Hiring a lawyer for a parking-ticket appeal is not only a headache, but it can also cost more than the ticket itself. Depending on the case and the lawyer, an appeal — a legal process where you argue out of paying the fine — can cost between $400 to $900.
But with the help of a robot made by British programmer Joshua Browder, 19, it costs nothing. Browder’s bot handles questionsabout parking-ticket appeals in the UK. Since launching in late 2015, it has successfully appealed $3 million worth of tickets.
Once you sign in, a chat screen pops up. To learn about your case, the bot asks questions like “Were you the one driving?” and “Was it hard to understand the parking signs?” It then spits out an appeal letter, which you mail to the court. If the robot is completely confused, it tells you how to contact Browder directly.
The site is still in beta, and the full version will launch this spring, Browder, a Stanford University freshman, tells Tech Insider.
Since laws are publicly available, bots can automate some of the simple tasks that human lawyers have had to do for centuries. Browder’s isn’t even the first lawyer bot. The startup Acadmx’s bot creates perfectly formatted legal briefs. The company Lex Machina does data mining on judges’ records and makes predictions on what they will do in the future.
Beyond parking tickets, Browder’s bot can also help with delayed or canceled flights and payment-protection insurance (PPI) claims. Although the bot can only help file claims on simple legal issues — it can’t physically argue a case in front of a judge — it can save users a lot of money.
Browder programmed his robot based on a conversation algorithm. It uses keywords, pronouns, and word order to understand the user’s issue. He says that the more people use the robot, the more intelligent it becomes. Its algorithm can quickly analyze large amounts of data while improving itself in the process.
Although Browder programmed the bot according to UK law, he says it can be helpful in the US, too. For example, if a flight is delayed from New York City to London, the ticket holder can use the robot to claim compensation. Browder is working to program US city laws into the bot, starting with New York.
In the future, people won’t likely need to hire lawyers for simple legal appeals — they’ll just use a bot
While Browder doesn’t think robots will be debating in the US Supreme Court anytime soon, he believes that, as artificial intelligence technology progresses, fewer lawyers will do mundane tasks.
“As a 19-year-old, I have coded the entirety of the robot on my own, and I think it does a reasonable job of replacing parking lawyers,” he says. “I know there are thousands of programmers with decades more experience than me working on similar issues.”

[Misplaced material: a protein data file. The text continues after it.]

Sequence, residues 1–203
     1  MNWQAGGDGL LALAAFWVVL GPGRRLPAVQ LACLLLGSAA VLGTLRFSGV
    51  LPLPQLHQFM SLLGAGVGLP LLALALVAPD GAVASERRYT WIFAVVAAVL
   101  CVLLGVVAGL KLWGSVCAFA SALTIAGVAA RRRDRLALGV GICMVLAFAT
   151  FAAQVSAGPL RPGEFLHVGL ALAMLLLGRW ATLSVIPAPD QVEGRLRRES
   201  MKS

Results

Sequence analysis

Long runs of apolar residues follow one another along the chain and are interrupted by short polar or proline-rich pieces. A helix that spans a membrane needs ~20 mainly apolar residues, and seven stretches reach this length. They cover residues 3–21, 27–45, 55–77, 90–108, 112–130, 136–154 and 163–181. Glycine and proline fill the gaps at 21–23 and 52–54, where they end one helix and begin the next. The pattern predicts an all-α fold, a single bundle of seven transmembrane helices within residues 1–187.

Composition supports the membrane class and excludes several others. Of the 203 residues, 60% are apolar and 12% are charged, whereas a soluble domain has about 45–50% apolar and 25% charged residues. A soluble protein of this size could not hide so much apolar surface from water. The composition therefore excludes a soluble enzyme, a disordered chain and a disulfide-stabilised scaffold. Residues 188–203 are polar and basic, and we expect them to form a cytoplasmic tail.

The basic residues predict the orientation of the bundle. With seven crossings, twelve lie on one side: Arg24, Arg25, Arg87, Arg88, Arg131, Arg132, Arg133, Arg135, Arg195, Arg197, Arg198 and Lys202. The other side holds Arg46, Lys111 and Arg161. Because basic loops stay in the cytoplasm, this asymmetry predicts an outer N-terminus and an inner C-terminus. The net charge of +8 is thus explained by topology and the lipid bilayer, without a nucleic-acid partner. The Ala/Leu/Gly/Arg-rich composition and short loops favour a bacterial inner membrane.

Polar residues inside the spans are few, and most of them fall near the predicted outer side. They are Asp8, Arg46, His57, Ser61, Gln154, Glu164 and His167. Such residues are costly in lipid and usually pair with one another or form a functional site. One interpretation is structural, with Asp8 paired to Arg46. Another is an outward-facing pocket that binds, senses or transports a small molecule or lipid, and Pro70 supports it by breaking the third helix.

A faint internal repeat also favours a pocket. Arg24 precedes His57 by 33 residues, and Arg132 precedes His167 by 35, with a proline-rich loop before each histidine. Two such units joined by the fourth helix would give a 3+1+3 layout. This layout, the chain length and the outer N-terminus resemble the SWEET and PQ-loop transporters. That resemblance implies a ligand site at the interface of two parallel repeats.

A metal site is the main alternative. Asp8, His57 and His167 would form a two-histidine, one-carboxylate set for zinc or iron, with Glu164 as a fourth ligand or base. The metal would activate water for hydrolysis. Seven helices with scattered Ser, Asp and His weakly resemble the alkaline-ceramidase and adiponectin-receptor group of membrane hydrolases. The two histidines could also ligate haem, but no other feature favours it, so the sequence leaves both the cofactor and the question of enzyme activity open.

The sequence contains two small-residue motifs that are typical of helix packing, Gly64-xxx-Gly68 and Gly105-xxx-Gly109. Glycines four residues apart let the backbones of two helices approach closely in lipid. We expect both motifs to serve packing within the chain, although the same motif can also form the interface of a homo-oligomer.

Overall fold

But are bots like these the same as hiring a lawyer?
It depends on whether they cross the ethical line of giving subjective advice, says Bradley Moss, a DC attorney who specializes in national security. If the bot were to answer subjective questions, then that would be viewed as practicing law, which only humans can legally do.
Moss says (emphasis added):
There are ethical and legal limits to what they can do. Programs such as this one do not, at least in my humble opinion, threaten the legal profession writ large. They will, however, continue to streamline processes for handling simple tasks that arguably people should be able to handle without the need for — and expense of — formal legal assistance.
Most of these bots are tools that can rapidly crawl public records and serve up legal information. Bots can’t provide full and genuine legal counsel, and it will likely take them several decades to become as sophisticated as humans, says Samuel Woolley, who tracks and studies political bots.
“Bots can’t fully replace human actors — not in the foreseeable future, at least,” he tells Tech Insider. “They can’t provide nuanced social insight because they can’t really understand humor or emotional subtleties.”
When driverless cars start dominating the roads in the future, they may also automatically appeal speeding tickets. Browder is already talking with entrepreneurs about integrating his bot into cars.
He’s programming the bot to handle more complicated legal issues, too, including asylum for Syrian refugees. The language barrier is a coding challenge, since the robot needs to understand Arabic but produce a legal document in English. This bot will likely launch by summer — at no cost.
“If it is one day possible for any citizen to get the same standard of legal representation as a billionaire,” Browder says, “how can that not be a good thing?”